Wow, this looks like a great idea. Which is better: A cold frame or the mini hoop house? Or have both? Are certain vegetables better for these?


    • Tara Nolan says:

      They both have their benefits when it comes to planting cool-weather veggies and extending the growing season (or getting a head start!). Depending on what materials you use for the mini hoop house and how harsh the winter is, the structure may not withstand the weather, in which case a cold frame would protect your crops from the elements.

  2. Michele says:

    HI Tara great presentation last night in Glen Morris, I am
    Going to put my husband to work making me a cold frame

    Thank you

  3. snibb says:

    The instruction for how to attach hinges to a metal frame aren’t very poor. How big are the scrap pieces of wood? This should be mentioned when considering how to measure for other parts of the cold frame because it affects how much the glass overhangs the front of the box. And, how do you attach the wood to the metal without breaking the glass?

  4. Amy from VA says:

    Dumb question from a newbie: what do you do with the cold frame after warm weather comes… do you remove the window and just use the bed or remove the plants into a raised garden? Thank you. I have two old window ready to go.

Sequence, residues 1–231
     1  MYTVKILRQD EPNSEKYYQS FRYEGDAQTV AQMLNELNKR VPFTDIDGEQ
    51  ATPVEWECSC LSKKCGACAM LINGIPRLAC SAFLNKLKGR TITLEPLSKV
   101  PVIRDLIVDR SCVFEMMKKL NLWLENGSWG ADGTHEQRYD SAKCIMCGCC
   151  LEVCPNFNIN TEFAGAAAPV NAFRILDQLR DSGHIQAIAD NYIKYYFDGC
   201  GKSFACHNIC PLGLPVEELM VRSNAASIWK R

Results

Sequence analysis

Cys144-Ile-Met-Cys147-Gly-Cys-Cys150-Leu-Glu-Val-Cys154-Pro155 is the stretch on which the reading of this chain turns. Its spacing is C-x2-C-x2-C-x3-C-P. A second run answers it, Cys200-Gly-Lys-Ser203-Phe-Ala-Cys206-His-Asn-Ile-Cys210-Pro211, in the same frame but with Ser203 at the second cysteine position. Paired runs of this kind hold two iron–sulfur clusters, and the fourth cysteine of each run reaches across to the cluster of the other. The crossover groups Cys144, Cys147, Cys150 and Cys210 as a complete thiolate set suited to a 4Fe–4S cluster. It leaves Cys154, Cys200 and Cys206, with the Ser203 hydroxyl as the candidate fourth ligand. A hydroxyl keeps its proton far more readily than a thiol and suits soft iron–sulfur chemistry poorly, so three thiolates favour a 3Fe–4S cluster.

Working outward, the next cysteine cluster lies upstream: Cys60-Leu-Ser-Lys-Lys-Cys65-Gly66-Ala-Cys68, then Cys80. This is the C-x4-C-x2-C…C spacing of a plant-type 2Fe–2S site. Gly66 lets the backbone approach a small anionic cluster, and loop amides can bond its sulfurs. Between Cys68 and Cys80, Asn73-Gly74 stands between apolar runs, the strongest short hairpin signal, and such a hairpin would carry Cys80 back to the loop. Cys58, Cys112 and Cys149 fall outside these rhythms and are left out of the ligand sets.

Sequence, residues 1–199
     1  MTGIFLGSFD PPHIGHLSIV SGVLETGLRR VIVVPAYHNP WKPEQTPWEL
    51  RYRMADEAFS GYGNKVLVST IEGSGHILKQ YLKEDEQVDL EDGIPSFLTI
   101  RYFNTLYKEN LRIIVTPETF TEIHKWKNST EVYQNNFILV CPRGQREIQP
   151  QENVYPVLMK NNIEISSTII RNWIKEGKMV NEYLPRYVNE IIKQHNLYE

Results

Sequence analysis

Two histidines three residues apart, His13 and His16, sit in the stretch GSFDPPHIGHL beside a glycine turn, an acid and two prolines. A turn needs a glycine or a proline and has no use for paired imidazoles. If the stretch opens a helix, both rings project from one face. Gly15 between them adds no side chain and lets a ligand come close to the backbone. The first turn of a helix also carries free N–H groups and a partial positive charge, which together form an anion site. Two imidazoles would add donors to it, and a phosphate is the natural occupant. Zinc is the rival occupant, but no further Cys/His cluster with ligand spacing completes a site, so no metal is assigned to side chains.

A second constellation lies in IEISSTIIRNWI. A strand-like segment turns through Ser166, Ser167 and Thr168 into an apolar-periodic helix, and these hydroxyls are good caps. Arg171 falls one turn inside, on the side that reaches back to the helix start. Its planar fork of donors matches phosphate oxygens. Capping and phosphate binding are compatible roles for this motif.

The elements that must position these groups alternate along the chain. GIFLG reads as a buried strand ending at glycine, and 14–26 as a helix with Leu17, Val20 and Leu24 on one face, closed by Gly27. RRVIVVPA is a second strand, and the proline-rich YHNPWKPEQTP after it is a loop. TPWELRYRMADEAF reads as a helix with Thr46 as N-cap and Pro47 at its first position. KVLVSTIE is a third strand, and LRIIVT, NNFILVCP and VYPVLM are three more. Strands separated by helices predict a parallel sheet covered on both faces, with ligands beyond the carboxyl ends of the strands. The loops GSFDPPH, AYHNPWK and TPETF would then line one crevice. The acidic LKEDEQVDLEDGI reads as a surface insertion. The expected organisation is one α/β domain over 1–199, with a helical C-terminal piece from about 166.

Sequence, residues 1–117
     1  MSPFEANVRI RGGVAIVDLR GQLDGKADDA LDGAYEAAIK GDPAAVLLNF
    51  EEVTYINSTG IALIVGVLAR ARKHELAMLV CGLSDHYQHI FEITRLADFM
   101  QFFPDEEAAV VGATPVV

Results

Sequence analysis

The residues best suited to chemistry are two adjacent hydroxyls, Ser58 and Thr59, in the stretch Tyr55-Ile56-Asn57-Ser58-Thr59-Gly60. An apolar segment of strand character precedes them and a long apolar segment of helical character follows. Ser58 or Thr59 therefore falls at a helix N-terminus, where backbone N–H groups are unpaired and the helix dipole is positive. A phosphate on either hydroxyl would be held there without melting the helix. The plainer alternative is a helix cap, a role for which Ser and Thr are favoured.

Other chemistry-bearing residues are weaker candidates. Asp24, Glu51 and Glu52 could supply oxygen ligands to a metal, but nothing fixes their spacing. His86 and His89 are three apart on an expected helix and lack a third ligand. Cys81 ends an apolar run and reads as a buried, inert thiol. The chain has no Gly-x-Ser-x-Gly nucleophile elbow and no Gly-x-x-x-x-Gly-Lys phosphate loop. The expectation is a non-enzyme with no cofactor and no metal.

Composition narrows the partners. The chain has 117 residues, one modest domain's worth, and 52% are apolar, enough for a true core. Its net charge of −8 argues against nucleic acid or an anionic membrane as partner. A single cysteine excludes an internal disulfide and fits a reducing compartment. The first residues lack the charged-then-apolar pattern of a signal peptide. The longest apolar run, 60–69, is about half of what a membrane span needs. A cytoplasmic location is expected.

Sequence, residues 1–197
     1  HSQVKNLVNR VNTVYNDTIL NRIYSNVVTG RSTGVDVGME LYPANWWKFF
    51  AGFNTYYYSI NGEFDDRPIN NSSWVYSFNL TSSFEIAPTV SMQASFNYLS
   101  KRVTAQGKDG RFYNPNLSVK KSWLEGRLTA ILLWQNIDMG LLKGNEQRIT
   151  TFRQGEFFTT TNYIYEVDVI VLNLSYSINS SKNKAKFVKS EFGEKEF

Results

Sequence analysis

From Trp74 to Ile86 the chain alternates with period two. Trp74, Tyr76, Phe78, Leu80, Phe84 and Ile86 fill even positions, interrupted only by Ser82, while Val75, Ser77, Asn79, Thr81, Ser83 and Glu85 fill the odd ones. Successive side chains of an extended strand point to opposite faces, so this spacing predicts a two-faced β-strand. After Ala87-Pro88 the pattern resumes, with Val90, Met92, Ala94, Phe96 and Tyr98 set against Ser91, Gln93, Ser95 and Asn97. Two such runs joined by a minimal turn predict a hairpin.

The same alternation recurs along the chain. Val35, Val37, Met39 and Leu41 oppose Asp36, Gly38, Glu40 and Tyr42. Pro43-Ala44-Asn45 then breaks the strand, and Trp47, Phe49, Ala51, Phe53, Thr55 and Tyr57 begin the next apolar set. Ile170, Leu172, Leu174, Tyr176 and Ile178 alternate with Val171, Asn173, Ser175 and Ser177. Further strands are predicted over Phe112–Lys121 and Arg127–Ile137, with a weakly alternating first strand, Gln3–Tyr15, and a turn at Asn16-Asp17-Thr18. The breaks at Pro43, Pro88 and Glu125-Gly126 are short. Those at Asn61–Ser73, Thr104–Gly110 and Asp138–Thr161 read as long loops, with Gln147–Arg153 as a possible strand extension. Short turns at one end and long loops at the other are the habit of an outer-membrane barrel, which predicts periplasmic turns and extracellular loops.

• Tara Nolan says:

      There are no dumb questions, Amy! You can remove the window so that the raised bed space doesn’t go to waste, and then reattach in the fall when you’re ready for it to become a cold frame again. 🙂

  5. Mary Ginter says:

    How do you view the short clip videos? I saw something on the winter harvest seedlings W a plastic gallon jugs and then a video on the three different sizes W netting covers for a patio garden , can’t remember the name of it to be able to order some. Black bottoms W domed netting canopies if that helps you. Lol

  6. Kat Greene says:

    Hi—I am planning to make a couple of these, but have a question. How do you get 2 1/2 inch x 16 1/2 inch pieces from lumber that is only 1 1/2 inch thick (for the braces)?

    • Tara Nolan says:

      Hi Kat, I couldn’t totally remember, but I went out to measure and the braces are 1 1/2 x 2. I’ve amended the directions accordingly. Please let me know if you have any further questions!